TeleHealth Empowers Rural Clinicians to Treat HIV, HCV Locally

In rural New Mexico, scarce clinical resources exist for patients with chronic infectious diseases. The same goes for rural clinicians themselves, who have a tougher time accessing relevant continuing medication education (CME) than their more urban counterparts. Due to rapidly evolving treatment guidelines for HIV and hepatitis C (HCV), this education is necessary to deliver quality care to infected patients.

If a patient in rural New Mexico needs to see an infectious disease specialist, she might have to travel three to five hours for her appointment. Geographic isolation is a perfect fit for telemedicine solutions, and a program called Project ECHO (Extension for Community Healthcare Outcomes) at the University of New Mexico is using a new model to improve outcomes in rural communities.

Project ECHO is not "traditional telemedicine," said Michelle Iandiorio, M.D., medical director of Project ECHO HIV. Speaking at IDWeek 2015 in San Diego, California, Iandiorio described the success of Project ECHO, and what sets it apart from other TeleHealth programs.

As described by Iandiorio, "traditional telemedicine" typically involves virtual appointments between doctors and patients -- essentially a one-on-one doctor's appointment carried out using videoconferencing technology. Project ECHO instead endeavors to set up meetings between health care providers. During these multi-point virtual clinics, infectious disease specialists share their expertise with rural clinicians, empowering the clinicians to treat patients in their own communities instead of referring them to a far-away specialist in Santa Fe or Albuquerque.

This approach has been successful, according to landiorio. Rural patients treated locally by clinicians involved in Project ECHO had roughly the same virological suppression rates as patients treated in the University of New Mexico's hepatitis C clinic, she said.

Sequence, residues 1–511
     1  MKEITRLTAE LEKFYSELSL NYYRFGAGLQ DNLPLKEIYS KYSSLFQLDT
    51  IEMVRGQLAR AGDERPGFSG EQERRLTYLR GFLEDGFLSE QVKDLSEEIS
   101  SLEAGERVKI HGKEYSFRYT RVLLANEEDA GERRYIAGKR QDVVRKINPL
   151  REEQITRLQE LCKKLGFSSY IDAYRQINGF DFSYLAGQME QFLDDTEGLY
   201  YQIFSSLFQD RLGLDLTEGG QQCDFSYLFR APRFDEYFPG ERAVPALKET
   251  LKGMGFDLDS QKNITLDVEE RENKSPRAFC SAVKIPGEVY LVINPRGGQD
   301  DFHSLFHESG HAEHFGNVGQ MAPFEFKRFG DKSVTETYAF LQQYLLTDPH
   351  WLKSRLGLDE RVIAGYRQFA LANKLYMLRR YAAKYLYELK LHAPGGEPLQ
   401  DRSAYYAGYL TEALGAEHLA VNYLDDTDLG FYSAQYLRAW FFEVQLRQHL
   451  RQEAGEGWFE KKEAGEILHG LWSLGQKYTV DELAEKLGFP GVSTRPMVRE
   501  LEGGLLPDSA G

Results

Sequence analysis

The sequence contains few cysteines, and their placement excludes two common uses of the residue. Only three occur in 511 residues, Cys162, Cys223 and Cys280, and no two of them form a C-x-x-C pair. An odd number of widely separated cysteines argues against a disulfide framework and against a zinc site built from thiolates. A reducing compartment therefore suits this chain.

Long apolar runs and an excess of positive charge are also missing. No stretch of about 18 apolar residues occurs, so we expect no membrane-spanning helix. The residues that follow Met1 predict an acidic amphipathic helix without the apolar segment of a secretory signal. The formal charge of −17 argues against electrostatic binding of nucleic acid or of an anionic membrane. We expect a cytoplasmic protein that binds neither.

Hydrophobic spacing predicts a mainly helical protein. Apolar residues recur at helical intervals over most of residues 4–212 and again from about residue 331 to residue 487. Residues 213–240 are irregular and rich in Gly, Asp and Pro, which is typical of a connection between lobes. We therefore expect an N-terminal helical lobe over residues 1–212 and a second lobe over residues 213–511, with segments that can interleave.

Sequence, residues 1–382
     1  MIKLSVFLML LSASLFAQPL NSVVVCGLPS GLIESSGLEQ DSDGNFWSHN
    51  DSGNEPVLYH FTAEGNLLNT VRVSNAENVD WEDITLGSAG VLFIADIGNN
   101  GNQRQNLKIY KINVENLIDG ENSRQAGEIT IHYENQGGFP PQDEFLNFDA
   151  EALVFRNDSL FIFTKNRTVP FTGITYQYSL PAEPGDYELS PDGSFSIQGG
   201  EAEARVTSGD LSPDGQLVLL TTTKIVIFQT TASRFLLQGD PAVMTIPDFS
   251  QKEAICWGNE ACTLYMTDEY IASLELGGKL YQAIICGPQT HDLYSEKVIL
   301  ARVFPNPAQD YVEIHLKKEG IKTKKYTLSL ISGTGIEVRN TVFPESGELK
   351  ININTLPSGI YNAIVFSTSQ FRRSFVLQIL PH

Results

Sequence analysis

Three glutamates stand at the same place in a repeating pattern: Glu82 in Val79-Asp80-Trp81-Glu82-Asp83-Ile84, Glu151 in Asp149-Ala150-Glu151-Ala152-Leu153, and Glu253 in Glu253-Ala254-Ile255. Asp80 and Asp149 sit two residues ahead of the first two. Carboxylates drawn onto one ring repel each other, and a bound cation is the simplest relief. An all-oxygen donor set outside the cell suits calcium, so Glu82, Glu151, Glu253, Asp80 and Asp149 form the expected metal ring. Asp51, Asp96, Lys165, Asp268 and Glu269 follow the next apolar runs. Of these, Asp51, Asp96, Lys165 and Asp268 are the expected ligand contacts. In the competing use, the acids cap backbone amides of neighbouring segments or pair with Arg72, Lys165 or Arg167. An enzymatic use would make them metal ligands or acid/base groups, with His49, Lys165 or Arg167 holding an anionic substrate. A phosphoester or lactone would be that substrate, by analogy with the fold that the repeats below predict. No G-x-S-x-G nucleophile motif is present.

Rural clinicians who opt in to Project ECHO receive CME credits free of charge and learn valuable information about how to treat their HIV and HCV patients. Moreover, once they feel comfortable treating these patients, they start to educate other providers in their communities, creating a "force multiplier" effect, said Iandiorio.

Project ECHO uses a web-based software similar to Google Hangouts. In these "virtual classrooms," lessons are taught with techniques like those employed in medical school training. Learning is case based, with community health clinicians sharing stories of patients from their own practices and soliciting advice from a specialist. With the virtual classroom approach, all participating practitioners learn from each shared case.

According to Iandiorio, some infectious disease specialists remain skeptical about Project ECHO. They fear that sharing their knowledge with community health clinicians will leave them without new patient referrals. However, as Iandiorio pointed out, the disease burden of patients with chronic infections far outweighs the resources of prescribing clinicians. Instead, she said, it is more likely that the community clinicians will be able to treat straightforward cases locally, while still referring patients who are truly in need of a specialist's care.

Since its inception, Project ECHO has moved beyond HIV and HCV to include TeleHealth programs for 30 different diseases. The program has also pushed beyond New Mexico, and is now up and running 22 states and five countries.

Iandiorio, who is in charge of the HIV arm of Project ECHO, is expanding its HIV education and training to Africa. In the next few weeks, her team will launch the first clinic in Namibia, she said.

Regardless of geography or resources, "chronic disease management is a team sport," Iandiorio emphasized. "Our goal is to touch the lives of one billion people by 2025."